The limbic system is involved in some of the most challenging neurobehavioral disorders known to medicine, including disorders of mood and anxiety such as depression and posttraumatic stress disorder (PTSD), substance abuse and dependence, and disorders of cognition and memory such as Alzheimer disease.
Chronic stress and inflammation activates the limbic system in a way that damages the body. Long-term release of epinephrine and other hormones can cause:
Mood imbalances, often cranky/irritable or mentally exhausted
Impulsive decisions or acting erratically
Damage to blood vessels
High blood pressure
Poor digestion, upset stomach
Chronic stress and inflammation impairs cognitive function, namely on tasks that rely on the integrity of cortico-limbic networks.
Hippocampus: Emotion, Learning, Memory
The hippocampus receives input from neurotransmitter systems, including serotonin, norepinephrine, and dopamine systems.
If your nerves are sending constant stress signals to your brain from:
1) chronically inflamed organs
2) chronic stress
If our vagus nerve is sending positive signals and we're able to activate our PSNS the body will release ACh. If our system is under chronic inflammation and chronic stress from this our vagus nerve will be sending negative signals back to the brain and there will be a lack of ACh release.
With this comes an increased norepinephrine release which will throw off your hippocampal theta rhythms in turn directly affecting the regulation of your emotions, it will affect how you learn and take in information and will affect your memory. The hippocampus responds to the neurotransmitter acetylcholine from the medial septum, which regulates the hippocampal physiological state. The medial septum is involved in setting one of the critical oscillatory rhythms in the hippocampus, the theta rhythm.
Abolishing that region or the associated theta rhythm interferes with hippocampal function.
Because our hippocampus receives input dopamine and serotonin it’s no surprise why we easily become addicted to things that bring us an instant rush of dopamine or serotonin. The memory and emotion alone are enough to invoke our temptation. I think we truly reach an equilibrium when we are able to balance and regulate our emotions based on our memories and use them as fuel to our learning. Our emotions and memories can teach us a lot, we can either learn from them or repeat them.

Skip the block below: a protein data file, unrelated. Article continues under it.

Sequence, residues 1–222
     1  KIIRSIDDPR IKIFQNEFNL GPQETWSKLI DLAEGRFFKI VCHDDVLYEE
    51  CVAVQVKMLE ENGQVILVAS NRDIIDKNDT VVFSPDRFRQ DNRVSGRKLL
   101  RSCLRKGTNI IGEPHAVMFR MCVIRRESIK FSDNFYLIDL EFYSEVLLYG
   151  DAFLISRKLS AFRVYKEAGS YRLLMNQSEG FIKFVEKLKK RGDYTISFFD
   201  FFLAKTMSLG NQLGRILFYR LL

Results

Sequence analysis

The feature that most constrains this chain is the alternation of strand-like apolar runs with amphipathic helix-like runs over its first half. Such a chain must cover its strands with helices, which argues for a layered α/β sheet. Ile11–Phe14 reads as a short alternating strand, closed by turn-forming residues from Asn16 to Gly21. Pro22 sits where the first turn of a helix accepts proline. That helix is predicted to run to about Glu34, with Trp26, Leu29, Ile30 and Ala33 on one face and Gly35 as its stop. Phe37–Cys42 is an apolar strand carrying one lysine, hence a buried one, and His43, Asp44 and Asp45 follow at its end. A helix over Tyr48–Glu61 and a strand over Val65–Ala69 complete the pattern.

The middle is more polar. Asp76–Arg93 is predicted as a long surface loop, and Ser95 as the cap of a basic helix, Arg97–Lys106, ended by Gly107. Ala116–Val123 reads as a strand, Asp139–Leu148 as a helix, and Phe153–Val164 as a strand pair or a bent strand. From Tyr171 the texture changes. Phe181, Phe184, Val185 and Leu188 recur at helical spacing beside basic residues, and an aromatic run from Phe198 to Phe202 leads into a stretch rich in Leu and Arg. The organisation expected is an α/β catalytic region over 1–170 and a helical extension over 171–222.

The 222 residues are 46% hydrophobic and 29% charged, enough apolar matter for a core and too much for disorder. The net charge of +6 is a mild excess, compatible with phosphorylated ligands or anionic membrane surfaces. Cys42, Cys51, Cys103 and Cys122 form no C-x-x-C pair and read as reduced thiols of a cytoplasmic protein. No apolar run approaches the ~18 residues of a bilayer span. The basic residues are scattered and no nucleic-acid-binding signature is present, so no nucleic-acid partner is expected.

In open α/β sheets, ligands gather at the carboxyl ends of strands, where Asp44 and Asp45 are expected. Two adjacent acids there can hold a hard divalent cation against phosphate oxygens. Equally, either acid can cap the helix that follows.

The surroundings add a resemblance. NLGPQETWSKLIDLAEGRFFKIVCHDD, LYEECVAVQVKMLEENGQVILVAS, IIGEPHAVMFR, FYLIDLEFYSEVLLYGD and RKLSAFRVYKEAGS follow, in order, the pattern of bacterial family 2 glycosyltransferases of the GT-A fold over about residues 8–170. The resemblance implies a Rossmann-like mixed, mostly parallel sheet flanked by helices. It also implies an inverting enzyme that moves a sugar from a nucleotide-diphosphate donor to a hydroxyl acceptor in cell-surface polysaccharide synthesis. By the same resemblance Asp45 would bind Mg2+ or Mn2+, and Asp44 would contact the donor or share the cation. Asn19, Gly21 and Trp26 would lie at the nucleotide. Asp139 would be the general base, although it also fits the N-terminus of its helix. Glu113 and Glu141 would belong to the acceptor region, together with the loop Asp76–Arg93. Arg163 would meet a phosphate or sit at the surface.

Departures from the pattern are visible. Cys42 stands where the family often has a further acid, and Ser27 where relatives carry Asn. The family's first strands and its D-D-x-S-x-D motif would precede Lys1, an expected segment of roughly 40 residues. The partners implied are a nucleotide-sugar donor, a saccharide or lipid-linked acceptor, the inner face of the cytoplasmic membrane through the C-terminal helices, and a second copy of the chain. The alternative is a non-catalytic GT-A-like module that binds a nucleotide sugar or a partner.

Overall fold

Amygdala: Aggression, Eating, Drinking, Sexual Behaviors, Fear, Survival Instincts
The amygdala and hippocampus work together to regulate emotions, especially evolutionary “old” emotions that play a role in survival—love for one’s children, aggression, fear, and anxiety.
The amygdala assigns emotional meaning to memories and helps the brain in forming fear-based memories.
The hippocampus helps form sensory memories, which are memories associated with sensory input. When the smell of a crisp apple or warm beach air brings back memories of a long-ago summer, the hippocampus is responsible.
Together, these two organs help the brain interpret the emotional content of memories.
If chronic inflammation is left unchecked for extended periods of time without activation of the PSNS to reset, calm down and balance the system, you can easily see how mental health takes a huge hit.
Hypothalamus: Monitors blood glucose levels, salt, blood pressure and hormones
The hypothalamus releases hormones that play a role in a wide range of emotions, including pain, hunger, thirst, pleasure, sexual feelings, anger, and aggression. It also helps the body maintain a state of homeostasis by regulating the autonomic nervous system.
Receives information from the vagus nerve about blood pressure and how full the stomach is, using this information, it releases chemicals that regulate appetite and blood pressure.
Gathering information from the reticular formation of the brain stem about temperature and then using that to manage the body’s response to heat or cold.
Regulating the body’s internal clock, the circadian rhythm, based on light, darkness, and other sensory input.
Chronically inflamed organs are going to constantly be sending distress signals to the brain and limbic system that they are stressed and in the next part of the series I'm going to write about how new research shows how depression is directly linked to chronic inflammation.